FIG. 1 shows the fastening clamp in its unstressed state. The pin 10 may be displaced and turned between the jaws 7, 8, for instance with a sliding fit.
If it is required to fit the clamp on stand 13 visible in FIG. 2, the two clamp legs 1, 2 are moved towards each other or compressed in the sense of the arrows A and B indicated in FIG. 1 until leg 1 abuts on flange 4 of leg 2. In this position the clamp legs are pushed onto stand 13 at the location of the recesses 5 and 6. If the pressure exerted by the fingers upon clamp legs 1 and 2 is then reduced, the legs 1 and 2 spring apart in the direction of the arrows C and D, whereby the width W of the recesses 5, 6 is reduced in the vertical projection to the width W. As soon as this width W has lessened to the diameter or the thickness of stand 13, the opening movement of legs 1, 2 is interrupted and the flanks or edges of recesses 5, 6 engage stand 13 friction-tight and are pressed onto the stand under the action of the spring force of clamp legs 1 and 2. Since the clamp legs 1, 2 fitted to stand 13 are still in a tensioned position, the two clamp jaws 7 and 8 also engage the holding pin 10 with a certain pressure, thus holding the same friction-tight.
In the second embodiment according to FIGS. 3 and 4-, numerals 1 and 2 again designate the two interconnected resilient legs of the clamp with the flange 4 and the recesses 5 and 6. Numeral 10 denotes the holding pin passing through the bore 11 of the web, and 13 is the stand. 7 and 8 denote the two clamp jaws which in the present case are hook-shaped and adapted to engage the holding pin 10 from opposite sides with respect to the embodiment according to FIGS. 1 and 2. The two hooks 7' and 8 are interconnected by a web 9 and consist of a piece of spring strip steel integral therewith. In order not to hinder flexure or obstruct the spring path of the hooks 7', 8, the holding pin passes through the vertical webs thereof in suitably large bores 12 and 12" respectively allowing adequate clearance.
FIG. 3 shows the legs 1, 2 of the clamp in its unstressed state, but with the two jaws or hooks 7, 8 engaging the holding pin at maximum pressure or tension, and thus holding it friction-tight. For fitting the clamp to stand 13 (FIG. 4), the two legs 1, 2 are again pressed towards each other in the sense of the arrows A and B indicated in FIG. 3, until the free end of leg 1 comes up against flange 4. In this tensioned position of the clamp, in which the legs can be pushed upon stand .13 with their recesses 5 and 6, jaws 7, 8' have moved apart so far as to permit holding pin '10 to be turned or moved to and fro. When finger pressure on the ends of the legs 1, 2 is reduced, the legs spring apart in the direction of arrows C and D in FIG. 4 until the flanks of the recesses 5, 6 engage the stand 13 by clamping, as shown in FIG. 4. The force and flexure of the spring formed by hooks 7' and 8' and web 9 is so attuned to the force and flexure. of the spring 3 defined by clamp legs 1, 2 and web 3 that the holding pin 10 introduced between hooks 7 and 8 is only Wholly relieved of pressure or tension when the legs 1, 2 are compressed or moved towards each other so far as to lie substantially parallel to each other.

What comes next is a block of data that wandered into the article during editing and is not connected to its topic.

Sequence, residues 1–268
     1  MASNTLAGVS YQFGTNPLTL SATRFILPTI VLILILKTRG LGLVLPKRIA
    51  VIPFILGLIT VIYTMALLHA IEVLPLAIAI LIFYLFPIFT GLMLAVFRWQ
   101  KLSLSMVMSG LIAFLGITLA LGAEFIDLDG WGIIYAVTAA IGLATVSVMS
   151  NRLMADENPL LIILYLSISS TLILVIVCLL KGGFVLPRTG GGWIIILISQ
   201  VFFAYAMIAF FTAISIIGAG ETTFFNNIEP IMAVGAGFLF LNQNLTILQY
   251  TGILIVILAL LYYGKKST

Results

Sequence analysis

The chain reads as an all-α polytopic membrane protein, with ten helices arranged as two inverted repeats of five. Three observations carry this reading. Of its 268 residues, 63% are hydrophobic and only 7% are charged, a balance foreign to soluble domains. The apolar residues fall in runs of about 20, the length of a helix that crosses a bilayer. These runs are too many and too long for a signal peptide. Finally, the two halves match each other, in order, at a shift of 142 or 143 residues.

This form has the advantage that the frictional engagement between hooks 7', 8' and the holding pin 10 can be nullified merely by compressing the clamp legs, without the clamp having to be removed from the stand. Another advantage of this embodiment consists in that the holding pin is held friction-tight even with the clamp legs wholly relieved or when the clamp is removed from the stand, so that it cannot fall out.
In the embodiment according to FIGS. and 6, numerals 1 and 2 again designate the clamp legs, 3 the web interconnecting them, with the bore for the holding pin 5 and 6 are the recesses for fitting on the stand 13, and 7" and 8 are the two clamping bodies, again hook-shaped and anchored in legs 1, 2 so as to embrace the holding pin from opposite sides.
In contrast to the embodiment according to FIGS. 1-4, in which the unstressed clamp legs are divergent from web 3 onwards, in the form according to FIGS. 5 and 6 the unstressed legs 1, 2 are divergent from web 3 only initially, viz., up to the apices 14 and 15, after which they are convergent towards their ends.
In this clamp the two hooks 7", 8" are in such a relative position when the legs are unstressed (FIG. 5) that holding pin 10 can easily be moved to and fro or turned. In fitting of the clamp to stand I13, the clamp legs must be moved apart in the direction of the arrows C and D until the converging ends of the legs (FIG. 5) are substantially parallel to each other, whereupon the legs can be pushed upon stand 13 with the recesses 5 and 6. If the finger pressure acting in the direction of the arrows C and D is now reduced, clamp legs 1 and 2 again spring towards each other in the sense of the arrows A and B in FIG. 6- until the edges of the rece-sses 5, 6 grip the stand, whereby the legs engage the stand friction-tight. In this tensioned position of the clamp legs hooks 7 and 8" are also drawn with corresponding pressure or tension against holding pin 10 so as to hold the same friction-tight.